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Budget must 'address' small business confidence

The 2009 Budget, which will be delivered on 22 April, must focus on improving business confidence, the Forum of Private Business (FPB) has said.

In its submission to the Chancellor, the business group argued that there are four key issues that need to be focused on in order to help revive the economy.

These include improving access to finance for small businesses; minimising the cost burdens of small businesses; protecting employment; and improving economic activity.

The FPB’s most recent quarterly referendum of its members found that restoring business confidence (65 per cent) and restoring consumer confidence (63 per cent) topped the list of issues that firms want the Chancellor to prioritise in this year’s Budget.

Phil Orford, the FPB’s chief executive, said: “Rebuilding confidence is key to ensuring that small businesses are able to survive and, ultimately, as the economy recovers, begin to grow again.

“That means workable policies creating the right conditions for both small businesses and consumers, which is why we are urging the Government to implement short- and longer-term strategies to help bolster cash flow, remove costly barriers to growth, protect key staff and stimulate trade. At present, most business owners are receiving confusing messages from the government and the banks.”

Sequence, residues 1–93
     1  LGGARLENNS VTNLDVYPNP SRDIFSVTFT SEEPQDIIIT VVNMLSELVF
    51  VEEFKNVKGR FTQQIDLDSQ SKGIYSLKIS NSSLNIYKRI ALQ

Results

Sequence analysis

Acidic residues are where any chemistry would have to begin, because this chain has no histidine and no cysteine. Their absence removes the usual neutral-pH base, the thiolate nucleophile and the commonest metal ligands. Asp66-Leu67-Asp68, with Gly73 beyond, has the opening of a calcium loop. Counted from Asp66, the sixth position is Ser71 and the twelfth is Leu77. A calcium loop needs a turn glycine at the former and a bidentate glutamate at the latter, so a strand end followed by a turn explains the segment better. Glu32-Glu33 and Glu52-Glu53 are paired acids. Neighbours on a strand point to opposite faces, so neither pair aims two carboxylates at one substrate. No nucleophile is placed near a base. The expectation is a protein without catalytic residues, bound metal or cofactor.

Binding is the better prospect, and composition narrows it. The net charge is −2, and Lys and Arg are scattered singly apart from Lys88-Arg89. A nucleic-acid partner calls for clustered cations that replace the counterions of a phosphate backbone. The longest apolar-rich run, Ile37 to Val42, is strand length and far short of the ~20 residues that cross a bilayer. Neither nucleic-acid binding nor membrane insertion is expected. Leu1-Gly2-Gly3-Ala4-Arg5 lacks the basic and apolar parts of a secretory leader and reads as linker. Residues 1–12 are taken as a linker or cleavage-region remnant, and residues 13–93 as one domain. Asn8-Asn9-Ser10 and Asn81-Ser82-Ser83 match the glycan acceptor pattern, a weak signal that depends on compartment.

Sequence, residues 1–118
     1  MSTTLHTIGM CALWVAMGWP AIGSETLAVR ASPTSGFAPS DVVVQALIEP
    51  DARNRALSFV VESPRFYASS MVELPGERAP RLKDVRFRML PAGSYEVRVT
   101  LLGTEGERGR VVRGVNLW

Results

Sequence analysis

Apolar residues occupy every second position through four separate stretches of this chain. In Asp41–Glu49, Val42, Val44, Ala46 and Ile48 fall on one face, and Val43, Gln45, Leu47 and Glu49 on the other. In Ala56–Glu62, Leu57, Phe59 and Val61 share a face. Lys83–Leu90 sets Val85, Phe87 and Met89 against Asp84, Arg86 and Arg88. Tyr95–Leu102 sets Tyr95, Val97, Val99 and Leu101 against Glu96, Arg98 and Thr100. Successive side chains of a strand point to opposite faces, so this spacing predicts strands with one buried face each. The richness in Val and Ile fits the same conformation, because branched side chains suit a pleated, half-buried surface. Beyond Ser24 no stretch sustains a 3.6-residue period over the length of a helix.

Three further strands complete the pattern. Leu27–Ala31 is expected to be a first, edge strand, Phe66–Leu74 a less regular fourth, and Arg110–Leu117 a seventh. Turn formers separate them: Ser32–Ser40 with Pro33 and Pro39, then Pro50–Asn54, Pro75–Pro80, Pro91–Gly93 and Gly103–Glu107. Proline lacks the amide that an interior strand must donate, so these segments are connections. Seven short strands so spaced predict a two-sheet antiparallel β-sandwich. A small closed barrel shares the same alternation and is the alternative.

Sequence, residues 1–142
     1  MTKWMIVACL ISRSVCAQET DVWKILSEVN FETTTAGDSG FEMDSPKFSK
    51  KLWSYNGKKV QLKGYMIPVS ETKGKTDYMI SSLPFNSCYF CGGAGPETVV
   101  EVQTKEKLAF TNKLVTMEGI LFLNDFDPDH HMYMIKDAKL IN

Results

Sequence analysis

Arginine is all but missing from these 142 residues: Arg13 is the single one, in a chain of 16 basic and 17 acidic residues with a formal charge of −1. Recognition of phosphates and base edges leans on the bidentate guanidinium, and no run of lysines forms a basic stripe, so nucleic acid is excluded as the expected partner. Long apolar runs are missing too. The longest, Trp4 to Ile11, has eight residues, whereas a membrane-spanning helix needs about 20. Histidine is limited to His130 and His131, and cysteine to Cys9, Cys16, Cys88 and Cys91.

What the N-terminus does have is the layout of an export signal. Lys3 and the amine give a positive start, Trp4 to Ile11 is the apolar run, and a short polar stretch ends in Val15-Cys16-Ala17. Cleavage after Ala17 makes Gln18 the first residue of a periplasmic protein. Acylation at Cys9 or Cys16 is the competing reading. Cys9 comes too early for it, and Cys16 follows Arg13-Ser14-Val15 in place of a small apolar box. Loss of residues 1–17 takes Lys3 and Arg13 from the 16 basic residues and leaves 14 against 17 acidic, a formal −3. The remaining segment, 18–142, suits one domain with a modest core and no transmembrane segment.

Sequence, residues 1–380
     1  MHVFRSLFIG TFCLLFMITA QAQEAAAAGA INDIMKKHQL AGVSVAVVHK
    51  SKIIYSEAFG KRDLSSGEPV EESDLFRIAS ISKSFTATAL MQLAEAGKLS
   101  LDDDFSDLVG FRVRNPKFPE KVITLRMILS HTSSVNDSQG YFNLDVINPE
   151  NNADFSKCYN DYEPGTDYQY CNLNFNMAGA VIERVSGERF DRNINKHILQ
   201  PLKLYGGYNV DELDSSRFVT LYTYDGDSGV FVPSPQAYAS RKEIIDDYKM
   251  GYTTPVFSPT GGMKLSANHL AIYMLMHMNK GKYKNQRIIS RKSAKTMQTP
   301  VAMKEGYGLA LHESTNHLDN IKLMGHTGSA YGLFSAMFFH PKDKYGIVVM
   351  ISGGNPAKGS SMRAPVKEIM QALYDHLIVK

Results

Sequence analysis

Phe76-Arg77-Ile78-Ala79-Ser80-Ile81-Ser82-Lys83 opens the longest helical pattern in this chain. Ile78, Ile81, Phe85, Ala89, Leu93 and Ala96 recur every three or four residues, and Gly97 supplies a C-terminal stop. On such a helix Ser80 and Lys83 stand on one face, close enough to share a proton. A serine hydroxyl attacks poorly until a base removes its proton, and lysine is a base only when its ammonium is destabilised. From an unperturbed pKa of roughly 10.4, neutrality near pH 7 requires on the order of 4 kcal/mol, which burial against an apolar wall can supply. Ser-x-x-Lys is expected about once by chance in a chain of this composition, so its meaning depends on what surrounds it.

Of those firms that responded to the survey, 82 per cent voiced concerns that taxation will be increased on smaller businesses to pay for the measures announced in the government’s pre-Budget Report.

The planned rise in National Insurance, set for 2011, was considered to be ‘damaging’ by 62 per cent and ‘very damaging’ by 29 per cent.

Other issues that were regarded as important to small businesses in the FPB’s Budget survey included business rates (59 per cent), the cost of utilities (52 per cent), minimising other regulations (50 per cent), taxation policy (49 per cent), health and safety law (40 per cent), late payment/bad debt provisions (37 per cent) and access to finance (35 per cent).